Save the code listing given above to a file named Simple.idl. Now comes generation of the header files that will be used by the component implementation and the client.

The xcomidl utility is used to generate C++ headers from IDL files. Its usage is given below:

$ xcomidl -I include_path1 -I include_path2 ... idlFile1.idl idlFile2.idl ...

Now if you run xcomidl on the Simple.idl:

$ xcomidl -I ~/idl Simple.idl

This generates two files Simple.hpp and SimpleTie.hpp respectively. The first file is common to both component implementors and component users. The second file is used only by the component implementor.

Component Implementation

The following listing gives a complete implementation for our component:

#include <xcom/ImplHelper.hpp>
#include <xcom/ExcImpl.inc>

#include <iostream>
#include "SimpleTie.hpp"

    struct HelloImpl
        : public xcom::Supports<HelloImpl, simple::IHello>,
          public xcom::RefCounted<HelloImpl>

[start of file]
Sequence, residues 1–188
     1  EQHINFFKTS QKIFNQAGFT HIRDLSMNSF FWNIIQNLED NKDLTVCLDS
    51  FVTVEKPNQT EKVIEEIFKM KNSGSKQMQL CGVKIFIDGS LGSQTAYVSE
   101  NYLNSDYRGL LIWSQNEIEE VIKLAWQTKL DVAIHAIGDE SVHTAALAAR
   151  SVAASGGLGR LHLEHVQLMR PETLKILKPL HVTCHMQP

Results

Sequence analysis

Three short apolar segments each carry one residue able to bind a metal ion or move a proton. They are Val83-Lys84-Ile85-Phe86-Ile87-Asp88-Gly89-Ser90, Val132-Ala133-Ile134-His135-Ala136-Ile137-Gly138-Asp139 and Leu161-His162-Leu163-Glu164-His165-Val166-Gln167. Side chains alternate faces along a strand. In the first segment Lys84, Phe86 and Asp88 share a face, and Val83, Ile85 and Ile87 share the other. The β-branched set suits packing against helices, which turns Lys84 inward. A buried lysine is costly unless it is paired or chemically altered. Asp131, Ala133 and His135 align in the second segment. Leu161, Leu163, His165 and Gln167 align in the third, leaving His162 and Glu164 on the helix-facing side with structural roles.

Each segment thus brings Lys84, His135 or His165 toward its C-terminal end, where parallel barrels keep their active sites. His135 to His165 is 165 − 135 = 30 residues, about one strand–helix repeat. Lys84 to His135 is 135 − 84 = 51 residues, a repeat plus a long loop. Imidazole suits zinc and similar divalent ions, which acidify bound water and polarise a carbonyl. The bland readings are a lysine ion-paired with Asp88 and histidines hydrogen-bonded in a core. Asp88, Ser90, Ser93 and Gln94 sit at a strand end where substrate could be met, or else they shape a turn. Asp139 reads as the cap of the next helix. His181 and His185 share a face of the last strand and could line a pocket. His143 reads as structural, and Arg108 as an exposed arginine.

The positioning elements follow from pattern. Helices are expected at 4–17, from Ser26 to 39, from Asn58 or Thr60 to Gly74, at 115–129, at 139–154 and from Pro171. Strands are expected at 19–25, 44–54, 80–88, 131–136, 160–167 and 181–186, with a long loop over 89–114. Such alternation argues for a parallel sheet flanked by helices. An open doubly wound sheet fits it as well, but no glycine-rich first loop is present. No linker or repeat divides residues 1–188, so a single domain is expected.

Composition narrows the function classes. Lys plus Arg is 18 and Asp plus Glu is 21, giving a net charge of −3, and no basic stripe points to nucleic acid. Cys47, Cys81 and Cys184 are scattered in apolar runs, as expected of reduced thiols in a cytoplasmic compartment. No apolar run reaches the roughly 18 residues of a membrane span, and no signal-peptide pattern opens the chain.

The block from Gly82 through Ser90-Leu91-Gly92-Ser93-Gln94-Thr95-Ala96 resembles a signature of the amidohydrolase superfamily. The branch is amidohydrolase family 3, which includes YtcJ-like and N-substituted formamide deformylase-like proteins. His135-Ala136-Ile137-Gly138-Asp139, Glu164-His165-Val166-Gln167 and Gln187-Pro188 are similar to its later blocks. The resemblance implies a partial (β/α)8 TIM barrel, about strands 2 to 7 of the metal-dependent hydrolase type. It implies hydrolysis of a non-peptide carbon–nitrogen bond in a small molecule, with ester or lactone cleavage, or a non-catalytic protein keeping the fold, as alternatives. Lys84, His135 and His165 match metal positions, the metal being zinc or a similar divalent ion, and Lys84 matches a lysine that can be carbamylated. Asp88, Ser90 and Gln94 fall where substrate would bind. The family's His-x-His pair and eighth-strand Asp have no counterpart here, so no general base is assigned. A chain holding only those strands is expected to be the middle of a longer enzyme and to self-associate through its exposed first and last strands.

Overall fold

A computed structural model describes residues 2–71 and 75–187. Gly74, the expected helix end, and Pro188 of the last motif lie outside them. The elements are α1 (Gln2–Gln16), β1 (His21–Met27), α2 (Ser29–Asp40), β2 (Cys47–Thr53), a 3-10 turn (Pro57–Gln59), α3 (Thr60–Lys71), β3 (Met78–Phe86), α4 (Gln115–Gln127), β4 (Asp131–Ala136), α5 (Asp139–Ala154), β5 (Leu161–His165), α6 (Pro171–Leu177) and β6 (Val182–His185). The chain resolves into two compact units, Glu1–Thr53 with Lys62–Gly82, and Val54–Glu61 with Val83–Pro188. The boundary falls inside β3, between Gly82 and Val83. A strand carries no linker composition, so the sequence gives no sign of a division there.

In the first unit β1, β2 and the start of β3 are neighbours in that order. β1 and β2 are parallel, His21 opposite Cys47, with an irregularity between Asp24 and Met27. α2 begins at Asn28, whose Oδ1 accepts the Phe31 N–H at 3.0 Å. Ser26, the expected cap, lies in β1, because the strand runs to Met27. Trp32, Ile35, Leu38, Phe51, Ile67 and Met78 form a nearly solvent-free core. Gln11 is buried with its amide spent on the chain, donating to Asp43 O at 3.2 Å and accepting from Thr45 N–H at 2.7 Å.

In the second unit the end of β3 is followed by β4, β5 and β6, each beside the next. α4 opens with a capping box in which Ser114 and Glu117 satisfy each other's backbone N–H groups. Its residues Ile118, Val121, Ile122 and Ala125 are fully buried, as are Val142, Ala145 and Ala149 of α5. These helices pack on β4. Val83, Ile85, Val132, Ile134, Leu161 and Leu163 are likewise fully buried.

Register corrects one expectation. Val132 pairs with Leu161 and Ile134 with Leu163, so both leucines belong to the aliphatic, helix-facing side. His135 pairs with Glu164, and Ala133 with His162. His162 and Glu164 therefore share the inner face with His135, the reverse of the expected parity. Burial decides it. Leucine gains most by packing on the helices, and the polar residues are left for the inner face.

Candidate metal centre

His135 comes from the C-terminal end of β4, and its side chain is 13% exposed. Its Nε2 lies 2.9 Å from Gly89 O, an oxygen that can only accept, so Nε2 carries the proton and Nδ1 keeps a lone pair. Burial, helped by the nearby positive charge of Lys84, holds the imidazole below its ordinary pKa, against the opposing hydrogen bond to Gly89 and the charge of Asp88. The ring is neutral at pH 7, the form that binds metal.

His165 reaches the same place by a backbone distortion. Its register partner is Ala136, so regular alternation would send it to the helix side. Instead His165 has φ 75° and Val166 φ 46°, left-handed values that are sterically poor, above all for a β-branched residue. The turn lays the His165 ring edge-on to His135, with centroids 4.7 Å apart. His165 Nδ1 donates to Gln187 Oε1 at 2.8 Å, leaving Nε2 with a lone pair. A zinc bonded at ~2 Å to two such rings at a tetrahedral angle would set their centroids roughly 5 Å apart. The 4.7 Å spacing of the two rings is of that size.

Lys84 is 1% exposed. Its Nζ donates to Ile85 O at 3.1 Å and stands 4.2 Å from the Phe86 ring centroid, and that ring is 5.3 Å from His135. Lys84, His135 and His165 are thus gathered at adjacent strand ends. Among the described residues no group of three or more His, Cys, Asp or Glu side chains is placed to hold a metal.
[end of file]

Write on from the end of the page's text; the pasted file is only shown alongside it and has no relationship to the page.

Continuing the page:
void sayTo(xcom::Char const* name)
            std::cout << "hello " << name << '\n';

    struct DLLAccess : public xcom::DLLAccessBase
        xcom::IUnknown dllCreateObject(xcom::Char const* cname)
            if(strcmp(cname, "MyHelloImpl") == 0)
                return new HelloImpl;
            return 0;


The ImplHelper.hpp header provides support classes for implementing the addRef, release and queryInterface methods.

Here the real component implementation is the HelloImpl class. The Supports base class implements the inherited queryInterface method and the RefCounted class provides implementations for the addRef and release methods. To implement an interface in a component all methods given in the interface must be implemented. As the only method in the IHello interface is sayTo, only it's implementation is given.

The remaining DLLAccess class and the macro invocation at the end provides the implementations of required functions that all XCOM component shared libraries must export. For the implementor, he must add the names of classes he wants to create to a list. Any number of classes can be specified as long as the dllCreateObject function creates instances when any of the registered names are given. The second line in the constructor adds metadata descriptions of the used interfaces in the component to an internal list. The third line registers the name of the given interface to an internal list. The last two functions are used to provide metadata outside world.

You can compile the component to a shared library using the following commands: